“The loss has been spread around,” Lester says. “It’s a lot of college-educated voters who are leaving.”

Lester also questions the notion that population declines in northern states will benefit Republicans in that region or nationally. “In places like New York, I don’t think that’s going to them help pick up a seat in Congress,” he says. “I think that right now, you have [43] members of the Congressional Black Caucus. When redistricting is over, you’ll have the same number.”

In the historically-black District of Columbia, the African-American population decreased by 11.5 percent between 2000 and 2010. In contrast, the Black population in nearby Charles County in Maryland doubled as African-Americans departed the District.

David Bositis, senior research associate at the Joint Center for Political and Economic Studies in Washington, D.C., doesn’t expect the Black population decrease to have a huge impact on the city’s political scene.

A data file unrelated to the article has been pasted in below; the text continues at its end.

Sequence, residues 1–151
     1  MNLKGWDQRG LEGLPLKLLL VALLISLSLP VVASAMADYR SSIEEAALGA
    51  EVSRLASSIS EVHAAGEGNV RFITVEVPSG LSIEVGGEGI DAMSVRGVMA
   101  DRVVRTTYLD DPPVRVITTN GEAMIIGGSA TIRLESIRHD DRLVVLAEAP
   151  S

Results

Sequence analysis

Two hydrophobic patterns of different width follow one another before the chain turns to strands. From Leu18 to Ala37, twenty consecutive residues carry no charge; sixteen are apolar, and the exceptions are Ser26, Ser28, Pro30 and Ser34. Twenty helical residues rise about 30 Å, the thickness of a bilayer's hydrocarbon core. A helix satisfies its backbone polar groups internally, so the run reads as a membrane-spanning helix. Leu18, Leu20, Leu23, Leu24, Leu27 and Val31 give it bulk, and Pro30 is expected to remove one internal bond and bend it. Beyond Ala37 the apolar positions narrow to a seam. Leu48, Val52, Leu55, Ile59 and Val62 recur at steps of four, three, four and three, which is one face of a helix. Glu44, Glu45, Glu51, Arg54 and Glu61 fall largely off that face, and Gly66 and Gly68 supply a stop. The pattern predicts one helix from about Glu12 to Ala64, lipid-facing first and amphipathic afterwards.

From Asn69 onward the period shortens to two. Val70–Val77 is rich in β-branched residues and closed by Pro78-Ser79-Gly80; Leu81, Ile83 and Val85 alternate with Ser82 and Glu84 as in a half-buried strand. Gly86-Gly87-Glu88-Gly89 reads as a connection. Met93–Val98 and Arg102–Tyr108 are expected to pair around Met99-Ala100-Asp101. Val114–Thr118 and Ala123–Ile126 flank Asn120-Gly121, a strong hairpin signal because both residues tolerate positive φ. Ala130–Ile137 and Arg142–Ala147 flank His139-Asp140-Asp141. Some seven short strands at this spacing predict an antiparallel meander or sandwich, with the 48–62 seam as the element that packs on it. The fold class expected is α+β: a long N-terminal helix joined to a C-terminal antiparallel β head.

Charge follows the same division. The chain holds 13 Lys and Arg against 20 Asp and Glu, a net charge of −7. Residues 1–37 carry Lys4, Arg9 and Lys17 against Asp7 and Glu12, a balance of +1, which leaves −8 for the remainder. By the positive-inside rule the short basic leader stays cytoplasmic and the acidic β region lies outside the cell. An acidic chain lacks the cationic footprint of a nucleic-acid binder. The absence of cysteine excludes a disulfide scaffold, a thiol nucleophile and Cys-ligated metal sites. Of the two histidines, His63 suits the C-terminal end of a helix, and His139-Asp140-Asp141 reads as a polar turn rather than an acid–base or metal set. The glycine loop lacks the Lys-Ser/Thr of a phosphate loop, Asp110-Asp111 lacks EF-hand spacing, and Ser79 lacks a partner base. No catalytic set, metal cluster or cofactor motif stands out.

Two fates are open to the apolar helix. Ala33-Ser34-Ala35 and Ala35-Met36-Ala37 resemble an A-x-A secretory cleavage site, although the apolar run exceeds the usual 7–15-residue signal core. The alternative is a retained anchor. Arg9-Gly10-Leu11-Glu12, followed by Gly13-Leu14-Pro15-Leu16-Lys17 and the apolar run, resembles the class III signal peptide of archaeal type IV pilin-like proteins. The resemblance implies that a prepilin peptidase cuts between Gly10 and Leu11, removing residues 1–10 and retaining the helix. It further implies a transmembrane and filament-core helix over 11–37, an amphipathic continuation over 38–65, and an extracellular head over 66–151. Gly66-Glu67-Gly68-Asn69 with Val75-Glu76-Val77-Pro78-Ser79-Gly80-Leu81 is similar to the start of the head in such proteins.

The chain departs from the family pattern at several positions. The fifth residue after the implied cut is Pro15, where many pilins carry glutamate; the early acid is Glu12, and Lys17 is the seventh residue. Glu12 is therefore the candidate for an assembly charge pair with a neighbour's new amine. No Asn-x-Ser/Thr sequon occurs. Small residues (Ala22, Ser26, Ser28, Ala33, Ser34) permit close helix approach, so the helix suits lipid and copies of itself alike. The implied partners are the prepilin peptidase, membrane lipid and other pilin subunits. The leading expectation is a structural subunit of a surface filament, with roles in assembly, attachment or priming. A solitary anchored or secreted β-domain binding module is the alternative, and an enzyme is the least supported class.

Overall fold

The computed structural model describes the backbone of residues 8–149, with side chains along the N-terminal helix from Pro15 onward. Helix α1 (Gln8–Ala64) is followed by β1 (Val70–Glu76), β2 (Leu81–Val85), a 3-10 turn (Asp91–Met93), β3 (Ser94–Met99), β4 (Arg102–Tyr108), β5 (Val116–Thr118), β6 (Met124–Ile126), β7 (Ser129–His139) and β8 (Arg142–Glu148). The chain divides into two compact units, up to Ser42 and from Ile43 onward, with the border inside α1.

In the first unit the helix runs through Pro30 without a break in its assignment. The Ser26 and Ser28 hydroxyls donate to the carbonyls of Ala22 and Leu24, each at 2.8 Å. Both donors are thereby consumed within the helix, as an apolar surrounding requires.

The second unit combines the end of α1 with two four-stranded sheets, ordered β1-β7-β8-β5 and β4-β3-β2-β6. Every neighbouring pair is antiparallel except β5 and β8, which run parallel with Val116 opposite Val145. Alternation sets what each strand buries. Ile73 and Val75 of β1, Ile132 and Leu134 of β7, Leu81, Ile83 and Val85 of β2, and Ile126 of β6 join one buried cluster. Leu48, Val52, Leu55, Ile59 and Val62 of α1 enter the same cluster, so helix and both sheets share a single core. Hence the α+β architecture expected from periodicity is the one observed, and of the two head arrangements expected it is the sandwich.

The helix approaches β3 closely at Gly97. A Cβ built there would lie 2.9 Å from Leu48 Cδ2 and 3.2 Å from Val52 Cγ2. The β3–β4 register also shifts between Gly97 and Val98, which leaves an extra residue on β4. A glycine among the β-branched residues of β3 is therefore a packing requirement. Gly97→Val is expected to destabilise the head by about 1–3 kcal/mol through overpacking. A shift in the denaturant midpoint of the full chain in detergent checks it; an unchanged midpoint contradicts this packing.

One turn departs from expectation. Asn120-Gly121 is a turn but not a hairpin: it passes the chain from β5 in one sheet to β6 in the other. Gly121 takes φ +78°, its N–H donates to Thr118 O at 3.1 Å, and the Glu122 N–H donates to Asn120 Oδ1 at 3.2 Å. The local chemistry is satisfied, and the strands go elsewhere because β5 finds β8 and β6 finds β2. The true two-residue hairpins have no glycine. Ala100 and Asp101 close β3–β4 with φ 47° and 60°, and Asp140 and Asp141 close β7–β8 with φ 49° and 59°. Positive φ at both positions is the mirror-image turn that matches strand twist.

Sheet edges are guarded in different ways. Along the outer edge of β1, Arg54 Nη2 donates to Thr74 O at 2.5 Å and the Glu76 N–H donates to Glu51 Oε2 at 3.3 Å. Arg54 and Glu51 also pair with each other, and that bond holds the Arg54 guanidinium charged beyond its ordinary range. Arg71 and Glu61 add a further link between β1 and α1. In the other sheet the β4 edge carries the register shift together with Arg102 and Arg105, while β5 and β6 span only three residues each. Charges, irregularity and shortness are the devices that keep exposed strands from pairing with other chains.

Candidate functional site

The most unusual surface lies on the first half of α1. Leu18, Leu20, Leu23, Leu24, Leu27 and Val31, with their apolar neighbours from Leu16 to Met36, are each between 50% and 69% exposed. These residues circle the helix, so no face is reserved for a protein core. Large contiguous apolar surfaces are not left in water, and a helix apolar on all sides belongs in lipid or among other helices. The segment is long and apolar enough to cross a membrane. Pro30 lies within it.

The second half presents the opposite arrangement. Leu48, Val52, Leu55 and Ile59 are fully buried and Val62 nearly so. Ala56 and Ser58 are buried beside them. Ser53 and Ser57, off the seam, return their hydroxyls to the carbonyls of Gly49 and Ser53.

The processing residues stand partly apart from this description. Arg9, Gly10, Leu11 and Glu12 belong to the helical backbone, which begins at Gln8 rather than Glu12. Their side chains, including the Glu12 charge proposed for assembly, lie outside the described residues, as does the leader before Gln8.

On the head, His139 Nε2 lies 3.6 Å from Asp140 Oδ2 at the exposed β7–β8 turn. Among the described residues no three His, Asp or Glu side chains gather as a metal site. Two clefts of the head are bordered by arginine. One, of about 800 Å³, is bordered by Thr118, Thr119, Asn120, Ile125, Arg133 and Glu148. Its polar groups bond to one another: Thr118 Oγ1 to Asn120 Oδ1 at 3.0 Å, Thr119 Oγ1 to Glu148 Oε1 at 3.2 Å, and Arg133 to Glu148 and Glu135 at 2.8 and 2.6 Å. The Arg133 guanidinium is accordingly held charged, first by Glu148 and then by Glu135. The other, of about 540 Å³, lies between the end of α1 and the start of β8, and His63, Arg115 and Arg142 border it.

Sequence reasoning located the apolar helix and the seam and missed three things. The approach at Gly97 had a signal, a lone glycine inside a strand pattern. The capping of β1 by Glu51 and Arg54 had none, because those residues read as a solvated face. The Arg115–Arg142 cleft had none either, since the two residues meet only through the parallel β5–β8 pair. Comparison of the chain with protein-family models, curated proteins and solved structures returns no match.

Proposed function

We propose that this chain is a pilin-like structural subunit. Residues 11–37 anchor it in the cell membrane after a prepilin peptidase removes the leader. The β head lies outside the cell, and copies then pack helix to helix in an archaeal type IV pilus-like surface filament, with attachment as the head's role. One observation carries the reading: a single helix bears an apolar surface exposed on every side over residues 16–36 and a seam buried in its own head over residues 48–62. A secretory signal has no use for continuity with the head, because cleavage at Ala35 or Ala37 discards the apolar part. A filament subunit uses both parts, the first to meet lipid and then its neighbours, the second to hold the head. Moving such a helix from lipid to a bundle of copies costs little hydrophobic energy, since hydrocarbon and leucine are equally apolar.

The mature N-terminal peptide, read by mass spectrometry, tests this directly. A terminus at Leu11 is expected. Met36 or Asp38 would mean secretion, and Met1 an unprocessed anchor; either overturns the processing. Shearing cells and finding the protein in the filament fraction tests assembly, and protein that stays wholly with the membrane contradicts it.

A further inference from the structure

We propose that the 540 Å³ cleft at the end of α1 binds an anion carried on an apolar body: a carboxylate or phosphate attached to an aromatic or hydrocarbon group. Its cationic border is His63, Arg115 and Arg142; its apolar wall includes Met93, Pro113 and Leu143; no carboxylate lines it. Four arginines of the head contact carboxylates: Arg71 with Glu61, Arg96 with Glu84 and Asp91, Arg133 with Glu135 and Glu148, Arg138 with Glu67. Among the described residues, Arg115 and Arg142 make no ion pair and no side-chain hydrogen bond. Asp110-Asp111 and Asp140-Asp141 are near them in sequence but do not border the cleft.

“By and large, white voters have almost always had a major say in D.C. politics, so the fact that D.C. is becoming less Black isn’t really changing the politics,” Bositis says. “The exception is Marion Barry. He was the only politician in D.C. who was able to win without white support.” The former mayor is a City Council member.

Nationally, Black movement away from cities will eventually give minorities more political clout in areas where they settle, Bositis says. He adds, though, that this phenomenon will take time because the black and Latino population is on average younger than the white population.

“Certainly in the future, it’s going to represent an advantage but not immediately because younger people are not as politically active as older people are, and the white population is getting quite old,” he says.

(America’s Wire is an independent, non-profit news service run by the Maynard Institute for Journalism Education. America’s Wire is made possible by a grant from the W. K. Kellogg Foundation. For more information, visit www.americaswire.org or contact Michael K. Frisby at mike@frisbyassociates.com.)

U.S. Debt Talks Mired in Theater